(Mon: t. 844; l. 200'; b. 46'; dph. 12'6"; dr. 10'6"; s. 7 k.; a. 1 15" D. sb.; 1 11" D. sb.; cl. Passaic)
A city and a county in New Jersey.
The first Passaic, a single turreted, coastal monitor, built by Continental Iron Works, Greenport, N.Y., under subcontract from John Ericsson, was launched 30 August 1862; and commissioned 25 November 1862, Capt. Percival Drayton in command.
Two days later the new monitor departed New York and joined the North Atlantic Blockading Squadron at Hampton Roads on the 29th but was immediately sent to the Washington Navy Yard for repairs. There President Lincoln visited the ship with members of his cabinet 6 December. After returning to Hampton Roads on the 26th, Passaic, towed by State of Georgia, got underway three days later with Monitor, towed by Rhode Island, heading for Beaufort, N.C. Encountering bad weather off Cape Hatteras, N.C., she leaked badly and was forced to work her pumps and throw all shot overboard to remain afloat, but she reached Beaufort on New Year's Day 1863. Monitor foundered during the storm.
Anchoring off Port Royal, S.C., on 21 January, she proceeded to Wassau. Sound. On 23 February with Marblehead, Passaic captured schooner Glide laden with cotton. With her sister monitors, Passaic attacked Fort McAllister to test her fighting capabilities in action. On 7 April, she took part in Rear Admiral DuPont's attack on Charleston. Severely battered during the engagement, she returned to New York and decommissioned for repairs 12 May.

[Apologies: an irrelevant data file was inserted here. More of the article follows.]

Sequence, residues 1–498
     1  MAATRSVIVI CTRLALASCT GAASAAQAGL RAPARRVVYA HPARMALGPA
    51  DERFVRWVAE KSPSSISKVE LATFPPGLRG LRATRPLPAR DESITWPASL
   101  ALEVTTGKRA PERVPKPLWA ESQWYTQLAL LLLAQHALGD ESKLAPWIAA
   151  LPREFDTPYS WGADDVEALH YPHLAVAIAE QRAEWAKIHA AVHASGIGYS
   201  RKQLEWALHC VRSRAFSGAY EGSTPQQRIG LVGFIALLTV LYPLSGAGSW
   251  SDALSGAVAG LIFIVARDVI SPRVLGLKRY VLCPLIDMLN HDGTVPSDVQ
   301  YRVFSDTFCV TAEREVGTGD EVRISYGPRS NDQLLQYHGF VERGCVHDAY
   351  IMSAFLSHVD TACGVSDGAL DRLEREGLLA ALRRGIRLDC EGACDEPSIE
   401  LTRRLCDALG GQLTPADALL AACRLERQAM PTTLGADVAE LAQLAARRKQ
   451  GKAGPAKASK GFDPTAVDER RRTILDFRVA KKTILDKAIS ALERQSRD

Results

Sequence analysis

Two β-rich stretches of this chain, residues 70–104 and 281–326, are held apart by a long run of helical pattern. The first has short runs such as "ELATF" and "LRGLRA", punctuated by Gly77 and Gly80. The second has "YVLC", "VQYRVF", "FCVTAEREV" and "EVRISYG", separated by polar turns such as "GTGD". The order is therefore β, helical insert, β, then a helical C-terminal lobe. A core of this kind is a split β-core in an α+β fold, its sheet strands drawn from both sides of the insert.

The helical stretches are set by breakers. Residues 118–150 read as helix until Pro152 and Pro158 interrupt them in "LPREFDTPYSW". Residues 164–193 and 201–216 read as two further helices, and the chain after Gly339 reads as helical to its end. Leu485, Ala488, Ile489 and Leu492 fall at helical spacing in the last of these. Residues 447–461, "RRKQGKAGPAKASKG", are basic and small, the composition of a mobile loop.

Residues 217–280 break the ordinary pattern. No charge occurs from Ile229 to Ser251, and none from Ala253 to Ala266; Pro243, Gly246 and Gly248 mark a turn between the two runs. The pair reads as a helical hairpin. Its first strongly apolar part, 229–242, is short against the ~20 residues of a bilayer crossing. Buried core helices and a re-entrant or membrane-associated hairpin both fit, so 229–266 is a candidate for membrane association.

Recommissioned 19 July, Passaic arrrived off Morris Island in Charleston Harbor on the 25th, and took part in all operations against that place. Rear Admiral Dahlgren used her as his flagship during the attack on Fort Moultrie, and she assisted in rescuing Lehigh when that monitor ran aground under the fire of Fort Moultrie.
On 16 June 1865, Passaic decommissioned at the Philadelphia Navy Yard and was laid up there from 1866 to 1874. Repaired during the following year, she recommissioned in Hampton Roads, 24 November 1876. From 1878 to 1882 she served as Receiving Ship at Washington, D.C. From 1883 to 1892 she was stationed at the Naval Academy, Annapolis, and from 1893 to 1894 at the Navy Yard, Boston, Mass. During 1895 and 1896 she was loaned to the Massachusetts Naval Militia and during the next two years to the Naval Militia at Brunswick, Ga.
On 16 May 1898 Passaic again recommissioned, was assigned to the Naval Auxiliary Force and sent to Key West and Pensacola. She decommissioned at the Navy Yard, Pensacola, Fla., 11 September 1898 and was sold to Frank Samuels 10 October 1899.
Pontiac (q.v.) was renamed Passaic II April 1918.